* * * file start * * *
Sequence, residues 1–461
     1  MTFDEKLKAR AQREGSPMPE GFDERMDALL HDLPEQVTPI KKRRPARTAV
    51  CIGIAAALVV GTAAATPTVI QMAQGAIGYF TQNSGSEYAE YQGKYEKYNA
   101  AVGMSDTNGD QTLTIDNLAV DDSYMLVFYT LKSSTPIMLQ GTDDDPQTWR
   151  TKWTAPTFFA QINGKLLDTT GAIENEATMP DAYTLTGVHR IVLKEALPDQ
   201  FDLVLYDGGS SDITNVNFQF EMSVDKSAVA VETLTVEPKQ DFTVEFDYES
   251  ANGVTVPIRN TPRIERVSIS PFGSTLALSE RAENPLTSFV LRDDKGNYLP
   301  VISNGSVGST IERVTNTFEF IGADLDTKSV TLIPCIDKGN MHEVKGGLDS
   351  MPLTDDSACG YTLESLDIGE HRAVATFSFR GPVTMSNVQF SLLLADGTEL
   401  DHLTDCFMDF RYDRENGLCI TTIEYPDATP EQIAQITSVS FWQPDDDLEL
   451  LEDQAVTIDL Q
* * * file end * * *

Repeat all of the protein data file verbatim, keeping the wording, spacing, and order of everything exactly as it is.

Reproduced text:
Sequence, residues 1–461
     1  MTFDEKLKAR AQREGSPMPE GFDERMDALL HDLPEQVTPI KKRRPARTAV
    51  CIGIAAALVV GTAAATPTVI QMAQGAIGYF TQNSGSEYAE YQGKYEKYNA
   101  AVGMSDTNGD QTLTIDNLAV DDSYMLVFYT LKSSTPIMLQ GTDDDPQTWR
   151  TKWTAPTFFA QINGKLLDTT GAIENEATMP DAYTLTGVHR IVLKEALPDQ
   201  FDLVLYDGGS SDITNVNFQF EMSVDKSAVA VETLTVEPKQ DFTVEFDYES
   251  ANGVTVPIRN TPRIERVSIS PFGSTLALSE RAENPLTSFV LRDDKGNYLP
   301  VISNGSVGST IERVTNTFEF IGADLDTKSV TLIPCIDKGN MHEVKGGLDS
   351  MPLTDDSACG YTLESLDIGE HRAVATFSFR GPVTMSNVQF SLLLADGTEL
   401  DHLTDCFMDF RYDRENGLCI TTIEYPDATP EQIAQITSVS FWQPDDDLEL
   451  LEDQAVTIDL Q